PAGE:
Surprise increase in trichlorofluoromethane emissions linked to east Asia

Atmospheric levels of a key ozone-depleting chlorofluorocarbon (CFC) are not going down as fast as they should be, researchers in the US have discovered.

Their results indicate that emissions of trichlorofluoromethane – known as CFC-11 – are increasing, suggesting it is still being produced and used despite a ban on manufacturing it after 2010. The researchers warn that continued production of the gas could delay recovery of the ozone layer. CFC-11 was originally used as a refrigerant but was banned in 1987 under the Montreal Protocol, the international agreement designed to protect the ozone layer.

These results are shocking

Dwayne Heard, University of Leeds

Stephen Montzka and colleagues at the US National Oceanic and Atmospheric Administration (NOAA) looked at levels of CFC-11 in the atmosphere using measurements taken at the Mauna Loa Observatory in Hawaii. As expected, CFC-11 levels have been declining since the chemical was banned and production phased out. But the researchers noticed the rate at which it is declining appeared to be slowing down. Following the introduction of the Montreal Protocol, atmospheric levels fell steadily from 2002 to 2012. But from 2012 onwards the decline in CFC-11 has been 50% slower than expected.

The researchers built mathematical models to account for these observations, which suggest CFC-11 emissions have actually been increasing by around 25% each year since 2012, despite virtually no CFC-11 production being reported to the relevant authorities during this time. ‘The increase in emission of CFC-11 appears unrelated to past production; this suggests unreported new production, which is inconsistent with the Montreal Protocol,’ Montzka and colleagues conclude.

Huge implications

A figure displaying CFC production and emission trends

Source: © Macmillan Publishers Ltd

While the amount of CFC-11 claimed to have been manufactured has dwindled to almost nothing, atmospheric measurements paint a different picture. Production magnitudes reported to the United Nations Environment Programme (green line) are compared to emissions derived from atmospheric data with a three box (black squares) or 12-box model (blue line) considering a 57.5-year lifetime. Also shown is an independent emission history, which is constrained by observations from NOAA and the Advanced Global Atmospheric Gases Experiment until the end of 2012, and thereafter is the World Meteorological Organization scenario projection (grey solid line; rescaled for a 57.5-year lifetime). The bottom graph shows annual release fraction of CFC-11 from its banks

‘In a word, these results are shocking,’ says Dwayne Heard, an atmospheric chemist at the University of Leeds in the UK. ‘The decline in CFC-11 is the graph that we all show in our atmospheric chemistry lectures to illustrate the effectiveness of the ban on CFCs. I think this will be quite a shock to many people who, like me, thought the Montreal Protocol was working well.’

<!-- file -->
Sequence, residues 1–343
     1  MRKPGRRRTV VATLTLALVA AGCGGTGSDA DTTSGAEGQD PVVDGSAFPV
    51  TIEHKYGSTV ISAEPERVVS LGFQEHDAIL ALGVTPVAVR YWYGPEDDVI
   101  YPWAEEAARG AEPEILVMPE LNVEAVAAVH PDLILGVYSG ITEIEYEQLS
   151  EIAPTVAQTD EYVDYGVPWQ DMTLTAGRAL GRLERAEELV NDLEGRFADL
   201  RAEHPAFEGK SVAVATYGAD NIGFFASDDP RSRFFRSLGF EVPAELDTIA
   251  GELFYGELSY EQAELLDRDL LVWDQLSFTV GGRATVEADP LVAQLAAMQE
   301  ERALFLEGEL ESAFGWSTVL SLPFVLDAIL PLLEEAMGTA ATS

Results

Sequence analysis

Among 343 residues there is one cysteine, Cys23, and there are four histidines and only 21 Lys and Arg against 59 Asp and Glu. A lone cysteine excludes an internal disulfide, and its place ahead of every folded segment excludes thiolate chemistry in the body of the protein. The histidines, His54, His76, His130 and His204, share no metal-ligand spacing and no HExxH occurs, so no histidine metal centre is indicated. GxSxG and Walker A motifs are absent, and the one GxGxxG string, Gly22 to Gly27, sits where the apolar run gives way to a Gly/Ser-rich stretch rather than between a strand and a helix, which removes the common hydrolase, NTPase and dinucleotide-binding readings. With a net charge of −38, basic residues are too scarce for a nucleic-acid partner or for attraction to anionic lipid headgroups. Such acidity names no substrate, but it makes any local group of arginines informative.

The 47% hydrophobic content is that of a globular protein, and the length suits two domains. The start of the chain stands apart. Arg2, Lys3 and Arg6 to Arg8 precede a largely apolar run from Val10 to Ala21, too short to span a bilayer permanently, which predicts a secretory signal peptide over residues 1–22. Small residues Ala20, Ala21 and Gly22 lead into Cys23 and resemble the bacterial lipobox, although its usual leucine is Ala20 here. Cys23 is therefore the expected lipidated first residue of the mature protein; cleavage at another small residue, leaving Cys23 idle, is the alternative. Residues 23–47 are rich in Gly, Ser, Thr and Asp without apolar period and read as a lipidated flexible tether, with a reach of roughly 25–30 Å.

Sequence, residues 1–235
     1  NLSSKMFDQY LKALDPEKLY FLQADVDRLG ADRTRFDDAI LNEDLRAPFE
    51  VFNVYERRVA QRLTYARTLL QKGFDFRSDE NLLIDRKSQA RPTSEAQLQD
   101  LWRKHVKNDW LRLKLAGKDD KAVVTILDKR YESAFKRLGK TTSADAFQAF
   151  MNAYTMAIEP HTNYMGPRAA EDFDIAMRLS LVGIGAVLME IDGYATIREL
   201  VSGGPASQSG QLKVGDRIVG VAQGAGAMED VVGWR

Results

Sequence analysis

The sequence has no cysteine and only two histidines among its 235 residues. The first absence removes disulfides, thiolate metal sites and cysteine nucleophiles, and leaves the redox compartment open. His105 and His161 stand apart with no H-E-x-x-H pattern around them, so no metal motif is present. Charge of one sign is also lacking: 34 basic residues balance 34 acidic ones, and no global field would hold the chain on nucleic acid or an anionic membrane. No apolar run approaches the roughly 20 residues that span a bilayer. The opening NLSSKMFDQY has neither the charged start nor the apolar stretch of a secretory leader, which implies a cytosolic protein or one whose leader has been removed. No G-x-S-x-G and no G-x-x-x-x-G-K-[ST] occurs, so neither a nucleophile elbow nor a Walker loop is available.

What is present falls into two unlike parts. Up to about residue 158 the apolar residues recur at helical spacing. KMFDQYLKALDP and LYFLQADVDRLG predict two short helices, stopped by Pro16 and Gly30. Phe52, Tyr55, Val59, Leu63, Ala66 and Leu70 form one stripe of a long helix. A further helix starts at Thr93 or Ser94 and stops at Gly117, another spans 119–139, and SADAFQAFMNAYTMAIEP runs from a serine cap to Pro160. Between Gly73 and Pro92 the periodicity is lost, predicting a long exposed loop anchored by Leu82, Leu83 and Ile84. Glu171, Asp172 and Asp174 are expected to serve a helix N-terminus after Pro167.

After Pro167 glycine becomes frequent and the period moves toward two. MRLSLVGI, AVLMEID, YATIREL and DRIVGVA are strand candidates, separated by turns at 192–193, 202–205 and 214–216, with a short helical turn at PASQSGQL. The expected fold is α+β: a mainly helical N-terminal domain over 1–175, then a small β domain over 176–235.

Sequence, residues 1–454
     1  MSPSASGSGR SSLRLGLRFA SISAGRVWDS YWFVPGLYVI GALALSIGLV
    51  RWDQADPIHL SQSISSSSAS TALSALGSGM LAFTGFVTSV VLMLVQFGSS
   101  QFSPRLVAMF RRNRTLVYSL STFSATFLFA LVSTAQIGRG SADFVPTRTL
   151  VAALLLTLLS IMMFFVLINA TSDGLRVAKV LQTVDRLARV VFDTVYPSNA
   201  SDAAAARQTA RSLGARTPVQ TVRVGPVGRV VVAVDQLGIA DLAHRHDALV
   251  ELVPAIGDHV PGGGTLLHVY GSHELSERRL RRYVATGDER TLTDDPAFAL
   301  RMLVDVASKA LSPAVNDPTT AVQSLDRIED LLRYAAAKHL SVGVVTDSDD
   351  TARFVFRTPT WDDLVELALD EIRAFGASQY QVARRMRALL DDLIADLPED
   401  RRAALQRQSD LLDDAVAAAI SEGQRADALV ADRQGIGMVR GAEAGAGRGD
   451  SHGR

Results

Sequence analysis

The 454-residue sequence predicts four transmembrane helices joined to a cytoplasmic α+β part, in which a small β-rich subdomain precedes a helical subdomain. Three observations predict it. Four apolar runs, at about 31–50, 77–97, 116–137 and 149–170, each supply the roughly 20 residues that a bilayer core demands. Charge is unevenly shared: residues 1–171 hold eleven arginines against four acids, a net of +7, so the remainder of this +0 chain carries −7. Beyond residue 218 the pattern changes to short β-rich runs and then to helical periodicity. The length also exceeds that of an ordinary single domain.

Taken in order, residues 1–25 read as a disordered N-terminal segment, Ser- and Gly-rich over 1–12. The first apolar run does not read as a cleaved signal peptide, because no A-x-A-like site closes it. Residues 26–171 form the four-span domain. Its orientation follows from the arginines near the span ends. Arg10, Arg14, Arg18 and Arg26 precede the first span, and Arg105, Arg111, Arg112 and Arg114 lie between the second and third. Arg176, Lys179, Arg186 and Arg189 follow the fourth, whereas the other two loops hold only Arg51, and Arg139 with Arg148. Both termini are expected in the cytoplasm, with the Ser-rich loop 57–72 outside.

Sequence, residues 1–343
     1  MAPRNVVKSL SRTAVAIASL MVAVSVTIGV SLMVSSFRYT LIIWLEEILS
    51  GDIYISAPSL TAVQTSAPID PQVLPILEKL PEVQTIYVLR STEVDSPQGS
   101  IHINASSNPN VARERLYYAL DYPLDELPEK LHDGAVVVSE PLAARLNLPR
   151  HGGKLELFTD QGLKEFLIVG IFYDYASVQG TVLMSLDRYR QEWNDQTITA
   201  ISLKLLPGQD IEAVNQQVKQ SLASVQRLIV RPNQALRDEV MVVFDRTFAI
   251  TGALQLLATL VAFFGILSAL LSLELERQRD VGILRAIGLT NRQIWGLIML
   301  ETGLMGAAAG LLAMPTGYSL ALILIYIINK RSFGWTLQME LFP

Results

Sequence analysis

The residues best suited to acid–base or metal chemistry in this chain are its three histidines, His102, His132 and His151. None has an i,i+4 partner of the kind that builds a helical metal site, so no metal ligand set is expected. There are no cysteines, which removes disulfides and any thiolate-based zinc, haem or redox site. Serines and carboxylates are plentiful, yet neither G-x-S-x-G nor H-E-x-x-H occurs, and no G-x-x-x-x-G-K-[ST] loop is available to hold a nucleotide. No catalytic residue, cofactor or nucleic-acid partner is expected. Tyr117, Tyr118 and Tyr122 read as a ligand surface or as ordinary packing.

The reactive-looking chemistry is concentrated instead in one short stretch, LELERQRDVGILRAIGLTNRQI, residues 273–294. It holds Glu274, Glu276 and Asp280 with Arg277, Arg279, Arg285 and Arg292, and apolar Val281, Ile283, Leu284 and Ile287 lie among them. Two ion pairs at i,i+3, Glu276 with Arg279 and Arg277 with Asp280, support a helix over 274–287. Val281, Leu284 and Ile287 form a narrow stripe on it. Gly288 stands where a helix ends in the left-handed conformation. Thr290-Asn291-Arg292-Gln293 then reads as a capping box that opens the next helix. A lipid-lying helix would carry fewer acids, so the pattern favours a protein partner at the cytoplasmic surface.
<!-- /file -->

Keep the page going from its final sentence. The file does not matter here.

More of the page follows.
He adds that the results could have ‘huge implications’ for ozone recovery. ‘The slower decline in CFC-11 means a delay in recovery, and as CFC-11 is a strong greenhouse gas this [will also contribute] to more global warming.’

Although Montzka and his colleagues could not pinpoint the exact location of the new emissions, some of their observations and models offer clues as to where they might be coming from. They found that the difference in CFC-11 concentrations between the northern and southern hemispheres has been increasing, which points to a northern hemisphere source.

They also modelled the movement of air masses reaching the Mauna Loa observatory, and correlated levels of CFC-11 to other chemicals associated with anthropogenic emissions. Together, this analysis suggested the emissions are coming from east Asia.

Another key question is whether there could be another explanation for a slower decline in CFC-11 post-2012, such as a change in the rate of chemical processes such as UV photolysis that break down CFC-11 in the stratosphere, or an increase in emissions from CFC ‘banks’ – reservoirs that persist in old equipment and products that are still in use.

However, the researchers’ models suggest that neither of these effects are large enough to account for the rate change they observe. ‘Emissions from “banks” would have had to have doubled, which is considered very unlikely,’ says Heard. He adds that it is safe to rule out experimental error. ‘Three different instrument measurements systems are used by NOAA to measure CFC-11, and they all showed the same trends,’ he says.

Other recent studies have warned that ozone recovery may be slowing down, and that the ozone layer faces new threats such as rising dichloromethane emissions. These latest observations paint a picture that is bleaker still.